According to the Centers for Disease Control and Prevention, 18 percent of children who are 6 to 11 years old and 21 percent of teens from 12 to 19 years old were obese in 2012. The negative impact excess weight has on a child's life and health is well documented, and some parents have found themselves the subjects of child-protective services investigations because of their children's obesity. Unfortunately, parents of overweight children may also have to worry about being hit with criminal charges. Here's what you need to know about this issue.
Child Abuse and Neglect
There are a couple of ways parents may find themselves being charged criminally for letting their children gain excessive amounts of weight. The first way depends on what the state considers to be child abuse and neglect.
The minimum standard for child abuse and neglect according to the federal government is any act or lack of action on the parent's part that results in physical or emotional harm, sexual abuse, exploitation, or death of the child. The definition also includes any acts or lack of action that may result in imminent risk of serious injury or harm.
As mentioned previously, excess weight has a negative impact on a child's health and quality of life. According to the World Health Organization, overweight children tend to remain so into adulthood and suffer long-term health problems as a result, such as the onset of systemic issues like heart disease and diabetes, musculoskeletal disorders, and an increased risk of developing certain types of cancers.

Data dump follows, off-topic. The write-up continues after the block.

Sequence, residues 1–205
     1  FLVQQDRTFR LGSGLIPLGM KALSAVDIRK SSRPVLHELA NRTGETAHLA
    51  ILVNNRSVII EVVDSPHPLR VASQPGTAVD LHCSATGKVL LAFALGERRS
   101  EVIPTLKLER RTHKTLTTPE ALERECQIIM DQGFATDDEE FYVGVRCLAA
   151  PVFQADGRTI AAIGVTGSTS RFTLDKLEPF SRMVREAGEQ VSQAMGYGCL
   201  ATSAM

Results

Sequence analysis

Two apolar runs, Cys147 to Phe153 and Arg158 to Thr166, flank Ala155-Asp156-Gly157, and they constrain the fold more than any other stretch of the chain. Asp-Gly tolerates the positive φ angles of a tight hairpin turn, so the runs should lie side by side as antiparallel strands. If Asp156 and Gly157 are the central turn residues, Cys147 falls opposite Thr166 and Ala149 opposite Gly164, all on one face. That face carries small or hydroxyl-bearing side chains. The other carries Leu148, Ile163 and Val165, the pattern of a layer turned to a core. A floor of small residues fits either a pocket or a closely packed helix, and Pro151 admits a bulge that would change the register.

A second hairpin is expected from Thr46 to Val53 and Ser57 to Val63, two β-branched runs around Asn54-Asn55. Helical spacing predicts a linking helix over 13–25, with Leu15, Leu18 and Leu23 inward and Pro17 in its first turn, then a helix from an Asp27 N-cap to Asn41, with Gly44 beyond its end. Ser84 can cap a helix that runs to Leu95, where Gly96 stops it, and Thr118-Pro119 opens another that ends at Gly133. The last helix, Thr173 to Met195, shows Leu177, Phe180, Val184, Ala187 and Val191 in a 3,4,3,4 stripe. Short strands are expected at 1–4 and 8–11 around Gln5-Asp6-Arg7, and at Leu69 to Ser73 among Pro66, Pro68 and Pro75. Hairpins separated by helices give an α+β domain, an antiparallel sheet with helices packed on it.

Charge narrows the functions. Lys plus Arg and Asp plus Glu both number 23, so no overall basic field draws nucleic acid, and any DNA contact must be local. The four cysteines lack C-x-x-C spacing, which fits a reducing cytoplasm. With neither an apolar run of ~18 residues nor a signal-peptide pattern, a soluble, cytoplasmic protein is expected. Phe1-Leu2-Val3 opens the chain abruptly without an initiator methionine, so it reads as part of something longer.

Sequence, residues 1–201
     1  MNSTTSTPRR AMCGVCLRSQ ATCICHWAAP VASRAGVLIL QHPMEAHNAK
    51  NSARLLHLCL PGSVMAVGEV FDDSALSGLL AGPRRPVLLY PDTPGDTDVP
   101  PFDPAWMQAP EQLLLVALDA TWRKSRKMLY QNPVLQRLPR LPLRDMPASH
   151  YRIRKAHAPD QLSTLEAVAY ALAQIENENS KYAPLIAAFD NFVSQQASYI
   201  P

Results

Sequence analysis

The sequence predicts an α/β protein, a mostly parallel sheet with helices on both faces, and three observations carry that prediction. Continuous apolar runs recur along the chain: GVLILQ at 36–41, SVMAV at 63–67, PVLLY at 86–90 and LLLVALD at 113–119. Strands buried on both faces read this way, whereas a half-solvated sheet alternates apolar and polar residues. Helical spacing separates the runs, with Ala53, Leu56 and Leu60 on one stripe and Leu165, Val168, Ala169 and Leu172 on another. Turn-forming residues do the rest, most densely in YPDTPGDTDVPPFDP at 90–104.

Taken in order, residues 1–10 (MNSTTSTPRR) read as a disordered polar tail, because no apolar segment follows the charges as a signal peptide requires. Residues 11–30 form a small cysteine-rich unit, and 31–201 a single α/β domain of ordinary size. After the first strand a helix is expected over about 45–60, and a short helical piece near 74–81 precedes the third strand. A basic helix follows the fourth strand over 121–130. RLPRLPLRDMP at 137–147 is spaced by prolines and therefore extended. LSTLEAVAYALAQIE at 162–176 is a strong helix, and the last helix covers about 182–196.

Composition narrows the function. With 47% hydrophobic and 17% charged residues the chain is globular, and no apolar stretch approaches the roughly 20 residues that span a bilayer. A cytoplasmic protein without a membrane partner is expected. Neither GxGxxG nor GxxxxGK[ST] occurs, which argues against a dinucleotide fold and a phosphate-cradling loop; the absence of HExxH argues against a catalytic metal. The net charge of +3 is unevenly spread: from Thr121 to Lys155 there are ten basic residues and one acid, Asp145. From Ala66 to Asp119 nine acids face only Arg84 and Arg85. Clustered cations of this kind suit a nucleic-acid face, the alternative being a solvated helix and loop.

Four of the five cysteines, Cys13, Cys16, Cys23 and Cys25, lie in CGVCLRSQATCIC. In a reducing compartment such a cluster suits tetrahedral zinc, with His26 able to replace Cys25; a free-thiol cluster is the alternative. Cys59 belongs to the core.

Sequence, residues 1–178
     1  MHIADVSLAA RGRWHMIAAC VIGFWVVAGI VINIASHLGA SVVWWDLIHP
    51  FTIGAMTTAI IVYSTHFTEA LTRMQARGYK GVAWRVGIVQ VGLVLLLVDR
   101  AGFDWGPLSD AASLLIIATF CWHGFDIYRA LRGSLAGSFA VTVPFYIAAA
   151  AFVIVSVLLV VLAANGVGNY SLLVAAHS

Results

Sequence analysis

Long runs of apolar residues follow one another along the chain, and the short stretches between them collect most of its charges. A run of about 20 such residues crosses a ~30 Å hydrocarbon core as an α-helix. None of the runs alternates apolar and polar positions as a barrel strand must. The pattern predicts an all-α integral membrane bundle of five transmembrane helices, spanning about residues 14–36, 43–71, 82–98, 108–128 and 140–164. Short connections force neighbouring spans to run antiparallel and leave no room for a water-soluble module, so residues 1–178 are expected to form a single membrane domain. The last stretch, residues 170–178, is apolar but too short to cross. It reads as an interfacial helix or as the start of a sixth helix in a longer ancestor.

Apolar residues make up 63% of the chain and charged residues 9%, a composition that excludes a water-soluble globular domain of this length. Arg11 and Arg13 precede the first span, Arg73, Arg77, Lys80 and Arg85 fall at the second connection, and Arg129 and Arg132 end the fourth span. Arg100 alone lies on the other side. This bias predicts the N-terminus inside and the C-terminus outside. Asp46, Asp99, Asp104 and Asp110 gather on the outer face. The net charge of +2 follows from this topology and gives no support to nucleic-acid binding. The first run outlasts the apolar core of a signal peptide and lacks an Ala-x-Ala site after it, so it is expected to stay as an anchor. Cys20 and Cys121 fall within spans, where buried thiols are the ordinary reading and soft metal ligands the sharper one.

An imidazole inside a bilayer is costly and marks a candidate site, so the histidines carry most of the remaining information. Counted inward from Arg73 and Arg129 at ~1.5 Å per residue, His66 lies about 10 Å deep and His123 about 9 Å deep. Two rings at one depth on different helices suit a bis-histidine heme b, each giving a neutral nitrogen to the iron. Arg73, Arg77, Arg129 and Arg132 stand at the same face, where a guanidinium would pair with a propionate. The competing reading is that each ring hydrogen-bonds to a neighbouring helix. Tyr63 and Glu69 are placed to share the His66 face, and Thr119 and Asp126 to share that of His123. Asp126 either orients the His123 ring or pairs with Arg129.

However, kids may also develop these problems in childhood as a result of their excess weight. A three-year-old toddler from Texas was diagnosed with type 2 diabetes in 2015, the youngest person to do so. The child weighed 77 pounds, the same as the average 11 year old, something the doctors say significantly contributed to the onset of the disease.
In this type of situation where the child's heath is immediately impacted by obesity, the state child-protection agency may view this as an imminent risk of harm. The agency may intervene in the situation, temporarily or permanently remove the child from the home, or recommend child abuse and neglect charges be brought against the parents if they fail to correct the problem.
Another way parents may be criminally charged for their children's obesity is through medical-neglect laws. Parents are legally responsible for providing their children with adequate medical and dental care (and psychiatric care in some cases). Failure to do so may lead to parents being charged with medical neglect and having their kids taken away.
A variety of parental conduct may be considered medical neglect, but one that could lead to trouble for parents of obese children is failing to adhere to a health provider's recommendations regarding a treatable condition. If the doctor tells you to place the child on a diet and exercise program because he or she weighs too much, and you fail to do so, you could face criminal charges. You might also face charges of medical neglect if child-protective services recommend you take action on your child's health, but you don't.
A South Carolina woman was arrested and charged with criminal neglect in 2009 because her 14-year-old son weighed 555 pounds. The mother claims she tried to help her son lose weight but that he gained access to food when he went to school. The boy was eventually put into foster care by the state, and the mother spent 5 weeks in jail.
Childhood obesity, parental control over children, and what constitutes abuse and neglect are complex issues that often don't have a clear-cut answer. If child-protective services is recommending charges be brought against you for your child's weight, it's best to consult a criminal-defense attorney for advice on the best way to handle the situation.Share